Harvard University’s admissions policy has illegally discriminated Asian-American applicants, the United States Department of Justice stated last week. In a statement issued, the Justice Department said Harvard’s admission process “significantly disadvantages” Asian-American students compared to other racial groups.
“No American should be denied admission to school because of their race,” Attorney General Jeff Sessions said in a statement. “As a recipient of taxpayer dollars, Harvard has a responsibility to conduct its admissions policy without racial discrimination by using meaningful admissions criteria that meet lawful requirements.”
A group, Students for Fair Admissions, filed a lawsuit in 2014 claiming that Harvard uses “racial balancing” as part of its admissions formula and that the practice is illegal. Harvard has challenged those claims, saying the group is misinterpreting data it released about how it selects students.
Students for Fair Admission said in a June court filing, Asian-Americans would account for more than 43 percent of the students admitted to Harvard, rather than the 18.7 percent.
In its court filings, Harvard accuses the group of painting “a dangerously inaccurate” picture of its admissions process, saying it also considers personal essays and teacher recommendations.
“Harvard College does not discriminate against applications from any group in its admissions process,” the universitysaid in a statement, vowing to “vigorously defend the right of Harvard and other universities to seek the education benefits that come from a class that is diverse on multiple dimensions.”
Justice Department lawyers said the group has presented “compelling evidence” that Harvard’s factoring of race into admitting students does discriminate against Asian-Americans. Furthermore, they argue that Harvard agrees not to discriminate on the basis of race as a condition of receiving millions of dollars in annual taxpayer funding.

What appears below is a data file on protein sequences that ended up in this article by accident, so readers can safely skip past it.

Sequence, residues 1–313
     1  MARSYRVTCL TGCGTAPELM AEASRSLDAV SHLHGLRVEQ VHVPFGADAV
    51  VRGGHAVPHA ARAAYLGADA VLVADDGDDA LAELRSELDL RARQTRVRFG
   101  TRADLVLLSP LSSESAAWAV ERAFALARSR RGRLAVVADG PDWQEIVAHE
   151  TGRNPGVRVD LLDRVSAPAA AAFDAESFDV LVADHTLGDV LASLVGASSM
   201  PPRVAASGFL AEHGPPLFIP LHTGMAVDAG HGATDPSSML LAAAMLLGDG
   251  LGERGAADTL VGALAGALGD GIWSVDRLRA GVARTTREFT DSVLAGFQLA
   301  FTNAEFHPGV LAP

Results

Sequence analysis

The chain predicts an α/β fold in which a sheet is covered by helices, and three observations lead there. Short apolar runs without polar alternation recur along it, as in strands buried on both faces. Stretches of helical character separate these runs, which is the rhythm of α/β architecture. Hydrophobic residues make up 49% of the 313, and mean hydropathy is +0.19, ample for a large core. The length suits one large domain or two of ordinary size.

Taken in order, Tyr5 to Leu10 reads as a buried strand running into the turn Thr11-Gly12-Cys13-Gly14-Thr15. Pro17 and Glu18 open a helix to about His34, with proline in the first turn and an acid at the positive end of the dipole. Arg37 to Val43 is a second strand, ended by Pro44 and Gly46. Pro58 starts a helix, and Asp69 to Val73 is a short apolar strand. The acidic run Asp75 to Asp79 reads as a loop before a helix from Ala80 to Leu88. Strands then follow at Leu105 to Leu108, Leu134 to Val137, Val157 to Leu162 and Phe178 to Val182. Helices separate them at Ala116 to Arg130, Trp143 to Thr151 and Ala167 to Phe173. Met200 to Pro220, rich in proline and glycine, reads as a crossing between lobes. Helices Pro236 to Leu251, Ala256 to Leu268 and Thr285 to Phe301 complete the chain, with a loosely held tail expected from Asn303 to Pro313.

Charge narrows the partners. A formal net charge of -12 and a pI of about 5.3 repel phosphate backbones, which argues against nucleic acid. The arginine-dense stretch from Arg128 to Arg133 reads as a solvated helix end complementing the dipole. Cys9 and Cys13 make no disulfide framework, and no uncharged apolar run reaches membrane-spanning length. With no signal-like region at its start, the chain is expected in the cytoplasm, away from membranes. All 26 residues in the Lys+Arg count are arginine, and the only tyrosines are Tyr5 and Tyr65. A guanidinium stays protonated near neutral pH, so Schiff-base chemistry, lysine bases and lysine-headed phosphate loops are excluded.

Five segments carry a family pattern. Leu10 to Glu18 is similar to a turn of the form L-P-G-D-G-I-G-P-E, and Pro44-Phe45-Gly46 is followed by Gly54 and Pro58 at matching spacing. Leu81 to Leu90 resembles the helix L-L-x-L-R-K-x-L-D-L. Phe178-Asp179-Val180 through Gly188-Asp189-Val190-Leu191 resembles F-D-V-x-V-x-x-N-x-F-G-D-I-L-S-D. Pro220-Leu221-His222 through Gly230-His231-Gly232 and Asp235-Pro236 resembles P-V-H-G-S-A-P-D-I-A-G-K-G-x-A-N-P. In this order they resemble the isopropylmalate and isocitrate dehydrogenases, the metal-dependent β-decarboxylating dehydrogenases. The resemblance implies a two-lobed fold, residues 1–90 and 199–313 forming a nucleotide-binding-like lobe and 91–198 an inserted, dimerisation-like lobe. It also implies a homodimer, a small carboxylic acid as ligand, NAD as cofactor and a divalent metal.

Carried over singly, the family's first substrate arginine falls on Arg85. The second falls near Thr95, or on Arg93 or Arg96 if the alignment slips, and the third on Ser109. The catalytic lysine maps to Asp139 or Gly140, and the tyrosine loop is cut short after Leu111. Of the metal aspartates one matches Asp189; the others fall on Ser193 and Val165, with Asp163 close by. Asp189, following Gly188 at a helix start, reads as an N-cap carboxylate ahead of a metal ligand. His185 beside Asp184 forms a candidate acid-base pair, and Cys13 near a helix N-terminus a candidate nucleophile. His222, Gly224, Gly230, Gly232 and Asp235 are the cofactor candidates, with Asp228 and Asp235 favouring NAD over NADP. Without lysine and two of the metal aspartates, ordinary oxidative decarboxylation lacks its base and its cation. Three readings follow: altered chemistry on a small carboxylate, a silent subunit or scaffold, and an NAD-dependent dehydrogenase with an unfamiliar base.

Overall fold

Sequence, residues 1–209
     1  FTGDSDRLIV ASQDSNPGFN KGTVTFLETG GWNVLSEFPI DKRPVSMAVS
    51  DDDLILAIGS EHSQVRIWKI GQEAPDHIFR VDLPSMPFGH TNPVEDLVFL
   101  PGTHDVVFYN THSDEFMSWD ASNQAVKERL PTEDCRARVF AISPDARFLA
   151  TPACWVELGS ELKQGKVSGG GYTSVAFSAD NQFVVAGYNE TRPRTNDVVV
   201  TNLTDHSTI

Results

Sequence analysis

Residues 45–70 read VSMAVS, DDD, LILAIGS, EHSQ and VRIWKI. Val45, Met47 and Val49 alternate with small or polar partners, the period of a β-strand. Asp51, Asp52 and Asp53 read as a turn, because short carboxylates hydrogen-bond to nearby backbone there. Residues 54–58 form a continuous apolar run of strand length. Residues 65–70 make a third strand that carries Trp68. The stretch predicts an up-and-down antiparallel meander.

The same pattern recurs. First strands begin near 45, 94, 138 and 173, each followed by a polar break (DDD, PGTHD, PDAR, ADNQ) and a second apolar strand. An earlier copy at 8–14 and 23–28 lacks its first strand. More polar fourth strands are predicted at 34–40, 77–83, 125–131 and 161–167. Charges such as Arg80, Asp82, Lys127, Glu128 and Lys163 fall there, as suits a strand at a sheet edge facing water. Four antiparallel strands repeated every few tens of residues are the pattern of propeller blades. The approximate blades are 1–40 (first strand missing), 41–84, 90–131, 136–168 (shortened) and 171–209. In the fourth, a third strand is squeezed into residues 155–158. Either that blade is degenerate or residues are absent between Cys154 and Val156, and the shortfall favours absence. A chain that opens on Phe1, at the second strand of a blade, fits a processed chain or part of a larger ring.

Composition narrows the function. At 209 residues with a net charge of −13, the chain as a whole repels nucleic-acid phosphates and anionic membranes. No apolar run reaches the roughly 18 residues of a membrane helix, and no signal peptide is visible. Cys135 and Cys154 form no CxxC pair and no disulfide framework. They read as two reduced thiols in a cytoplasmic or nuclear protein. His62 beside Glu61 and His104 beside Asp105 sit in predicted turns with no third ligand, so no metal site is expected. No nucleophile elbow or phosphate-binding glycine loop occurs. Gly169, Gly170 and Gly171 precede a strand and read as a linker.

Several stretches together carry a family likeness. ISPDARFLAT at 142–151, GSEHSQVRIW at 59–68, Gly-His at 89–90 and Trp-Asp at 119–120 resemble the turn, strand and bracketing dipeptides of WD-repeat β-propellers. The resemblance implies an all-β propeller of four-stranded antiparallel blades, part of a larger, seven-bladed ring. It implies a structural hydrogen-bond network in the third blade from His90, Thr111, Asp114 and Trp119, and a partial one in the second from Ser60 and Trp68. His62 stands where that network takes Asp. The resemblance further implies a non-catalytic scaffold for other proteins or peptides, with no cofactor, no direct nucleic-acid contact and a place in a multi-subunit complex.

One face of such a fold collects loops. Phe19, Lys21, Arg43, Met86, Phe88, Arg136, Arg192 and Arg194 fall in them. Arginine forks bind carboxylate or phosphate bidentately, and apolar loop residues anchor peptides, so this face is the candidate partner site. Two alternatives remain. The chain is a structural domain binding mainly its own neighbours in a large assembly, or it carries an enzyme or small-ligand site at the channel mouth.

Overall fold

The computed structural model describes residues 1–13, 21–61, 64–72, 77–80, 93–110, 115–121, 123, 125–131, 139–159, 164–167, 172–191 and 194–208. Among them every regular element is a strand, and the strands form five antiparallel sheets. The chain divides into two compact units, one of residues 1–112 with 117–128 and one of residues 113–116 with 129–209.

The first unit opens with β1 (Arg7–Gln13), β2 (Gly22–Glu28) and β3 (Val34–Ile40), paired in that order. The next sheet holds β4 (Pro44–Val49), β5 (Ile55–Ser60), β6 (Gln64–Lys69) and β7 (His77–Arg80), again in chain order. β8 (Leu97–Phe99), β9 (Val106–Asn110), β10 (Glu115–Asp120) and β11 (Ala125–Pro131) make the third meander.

Furthermore, the Justice Department said the government has a vested interested in the case because Harvard receives millions of dollars in taxpayer funding on the condition it won’t discriminate based on ethnicity.
Harvard uses a “personal rating” that includes subjective factors including “likability” and whether someone is a “good person” with “human qualities,” according to court documents. The school has admitted that, on average, it has ranked Asian-American applications lower on these qualities, the Justice Department charges in its court filing.
The Justice Department lawyers said Harvard has not provided any meaningful criteria to explain how it weighs race against the other factors in a application, a requirement under Supreme Court of the United States precedent.
In June, both sides filed motions for summary judgment, seeking to head off a potential trial scheduled for October in a Massachusetts federal court. The Justice Department’s motion asks the court to deny Harvard’s motion for summary judgement.
“While the DOJ’s brief does not challenge Supreme Court precedent granting universities the right to freely select their own student body … the Trump administration has advocated for ‘race blind’ policies, which Harvard and virtually all other universities have found are demonstrably insufficient to achieve meaningful diversity, given the reality of historic and continuing racial discrimination in this country,” the ACLU said in a statement.